Final Fantasy VII was first released on three discs for the original PlayStation in 1997. It featured crude, polygonal characters in pre-rendered, 2D environments, which was much less resource-intensive to develop than the modern 3D graphics in the trailer. “If we took everything that’s in the original game and remade it at that quality, we couldn’t get it all on a single release,” original game’s director Yoshinori Kitase told Dengeki.
Epic in scope, the game spends a whole long and complicated act just inside the city of Midgar before even opening up to the traditional Final Fantasy world map. As was typical of RPGs from that era, play times averaged 40-60 hours, and could go upwards of hundreds of hours for real completionists. Doing a single release of modern quality would necessitate cutting and condensing a lot of that content, which would likely irk fans. It would also leave them with even less wiggle room to introduce new ideas. Splitting the remake into episodes allows Square Enix to adapt the entirety of the original into something that honors its depth and scope, without being restricted to just the highlights.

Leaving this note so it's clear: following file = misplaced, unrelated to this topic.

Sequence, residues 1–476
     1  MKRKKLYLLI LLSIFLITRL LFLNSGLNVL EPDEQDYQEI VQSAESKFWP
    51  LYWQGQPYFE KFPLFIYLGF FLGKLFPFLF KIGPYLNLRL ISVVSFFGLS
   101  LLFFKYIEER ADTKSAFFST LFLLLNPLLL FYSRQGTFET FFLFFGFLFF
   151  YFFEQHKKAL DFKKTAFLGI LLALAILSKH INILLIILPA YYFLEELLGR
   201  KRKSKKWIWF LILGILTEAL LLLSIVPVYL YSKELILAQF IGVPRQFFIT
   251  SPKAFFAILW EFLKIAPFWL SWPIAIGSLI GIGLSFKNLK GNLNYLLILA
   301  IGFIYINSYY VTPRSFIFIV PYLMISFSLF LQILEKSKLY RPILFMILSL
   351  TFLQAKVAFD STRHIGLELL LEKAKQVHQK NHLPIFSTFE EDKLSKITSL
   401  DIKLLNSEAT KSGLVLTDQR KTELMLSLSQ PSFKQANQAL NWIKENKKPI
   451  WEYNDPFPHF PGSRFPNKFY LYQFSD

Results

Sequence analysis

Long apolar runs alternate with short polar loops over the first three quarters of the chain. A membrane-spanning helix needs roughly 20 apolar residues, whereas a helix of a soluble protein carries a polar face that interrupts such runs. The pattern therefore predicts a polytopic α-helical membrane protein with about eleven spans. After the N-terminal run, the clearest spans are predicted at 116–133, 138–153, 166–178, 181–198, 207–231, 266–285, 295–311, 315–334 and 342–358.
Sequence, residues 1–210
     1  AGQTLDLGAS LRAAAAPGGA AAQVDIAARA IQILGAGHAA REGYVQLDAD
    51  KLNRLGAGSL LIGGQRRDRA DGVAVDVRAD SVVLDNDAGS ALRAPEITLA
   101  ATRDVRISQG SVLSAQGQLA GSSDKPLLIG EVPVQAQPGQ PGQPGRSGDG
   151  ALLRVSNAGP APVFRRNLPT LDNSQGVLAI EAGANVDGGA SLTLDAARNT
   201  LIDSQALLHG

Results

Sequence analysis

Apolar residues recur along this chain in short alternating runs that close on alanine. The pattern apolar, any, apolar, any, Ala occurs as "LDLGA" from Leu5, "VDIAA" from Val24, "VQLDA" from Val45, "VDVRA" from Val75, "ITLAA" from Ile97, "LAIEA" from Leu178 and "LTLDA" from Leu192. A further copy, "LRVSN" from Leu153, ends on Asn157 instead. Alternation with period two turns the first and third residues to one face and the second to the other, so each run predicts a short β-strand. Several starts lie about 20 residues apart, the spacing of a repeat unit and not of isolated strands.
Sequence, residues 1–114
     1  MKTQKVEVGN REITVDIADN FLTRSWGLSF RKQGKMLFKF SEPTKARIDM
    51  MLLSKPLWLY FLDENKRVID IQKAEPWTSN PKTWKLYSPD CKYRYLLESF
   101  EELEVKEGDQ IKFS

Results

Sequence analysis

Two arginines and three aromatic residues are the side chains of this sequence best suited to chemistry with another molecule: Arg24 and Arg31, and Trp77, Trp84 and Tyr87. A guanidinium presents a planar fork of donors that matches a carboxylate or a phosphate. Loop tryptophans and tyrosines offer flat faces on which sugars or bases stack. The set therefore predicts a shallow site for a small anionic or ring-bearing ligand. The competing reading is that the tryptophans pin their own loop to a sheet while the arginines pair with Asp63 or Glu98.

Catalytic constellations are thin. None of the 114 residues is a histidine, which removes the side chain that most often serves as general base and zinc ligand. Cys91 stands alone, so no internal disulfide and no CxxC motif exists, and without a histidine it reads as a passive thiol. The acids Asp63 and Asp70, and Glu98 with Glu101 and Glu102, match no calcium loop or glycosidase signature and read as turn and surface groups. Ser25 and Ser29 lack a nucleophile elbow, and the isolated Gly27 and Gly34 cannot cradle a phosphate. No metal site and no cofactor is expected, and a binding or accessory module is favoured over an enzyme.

Square Enix previously made clear that the remake would be changing many elements of the game, starting with this weekend’s revelation of the episodic structure and the trailer’s more dynamic combat. Another potential change that many fans have been curious about since the remake’s announcement was also addressed in a recent Famitsu interview (via Gematsu). The notorious Don Corneo cross-dressing quest will remain a part of the remake.
Cloud dresses up as a woman early in the game in an attempt to get close to a mafioso-type and then threatens him for information. The whole quest is played for laughs, largely at the expense of men dressing up in women’s clothing. Now that the culture at large has a much greater sensitivity to transphobia, many people questioned whether the section could or should be included in the remake. Depending on how Square Enix handles the quest, we may get to look forward to the now-standard back and forth of online criticism, defense, and name-calling whenever gender politics come up in gaming.
Final Fantasy VII Remake is currently in development for PlayStation 4. There is no word on a release date or any particulars of the episodic release schedule.
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